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The authors conducted a systematic review of randomized controlled trials comparing the risk of experiencing restoration failure in primary teeth after complete and selective carious tissue removal of soft dentin.
The authors searched electronic databases (PubMed [MEDLINE], Scopus, Cochrane Central Register of Controlled Trials) and the ClinicalTrials.gov Web site with manual searching and cross-referencing for trials reporting restoration failure after follow-up of 6 months or longer. Two reviewers independently selected studies, extracted data, and assessed the risk of bias and quality of evidence using the Grading of Recommendations Assessment, Development, and Evaluation approach. The authors performed intention-to-treat and per-protocol meta-analyses and calculated odds ratios (OR) as effect estimates in the random-effects model.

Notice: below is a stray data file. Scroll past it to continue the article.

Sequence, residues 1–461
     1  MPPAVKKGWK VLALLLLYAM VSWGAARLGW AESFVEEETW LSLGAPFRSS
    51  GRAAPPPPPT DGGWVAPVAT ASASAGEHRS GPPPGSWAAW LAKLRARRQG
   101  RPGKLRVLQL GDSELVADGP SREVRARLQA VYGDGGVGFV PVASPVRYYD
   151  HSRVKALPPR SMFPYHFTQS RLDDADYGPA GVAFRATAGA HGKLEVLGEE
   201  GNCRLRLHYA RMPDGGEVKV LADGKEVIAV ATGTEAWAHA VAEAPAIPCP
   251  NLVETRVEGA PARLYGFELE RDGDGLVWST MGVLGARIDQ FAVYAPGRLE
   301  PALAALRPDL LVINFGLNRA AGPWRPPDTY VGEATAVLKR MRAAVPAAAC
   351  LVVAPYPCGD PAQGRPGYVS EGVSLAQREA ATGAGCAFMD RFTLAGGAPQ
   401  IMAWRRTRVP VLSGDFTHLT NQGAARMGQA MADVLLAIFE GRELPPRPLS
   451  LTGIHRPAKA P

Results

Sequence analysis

From 327 potentially eligible studies, the authors selected 23 for full-text screening and included 4. Results showed increased risk of experiencing restoration failure (intention-to-treat analysis, OR [95% confidence interval] 1.74 [1.01 to 3.00], and per-protocol analysis, OR [95% confidence interval] 1.79 [1.04 to 3.09]) after selective carious tissue removal of soft dentin. The risk of bias was high, and the quality of evidence was low.
Selective carious tissue removal of soft dentin may increase the risk of experiencing restoration failure in primary teeth. However, the evidence level is insufficient for definitive conclusions.
Patients with restorations performed after selective carious tissue removal of soft dentin should have shorter recall visit intervals to evaluate the restorations’ quality and control caries disease, allowing for more conservative approaches, such as repair, in cases of defective restorations.
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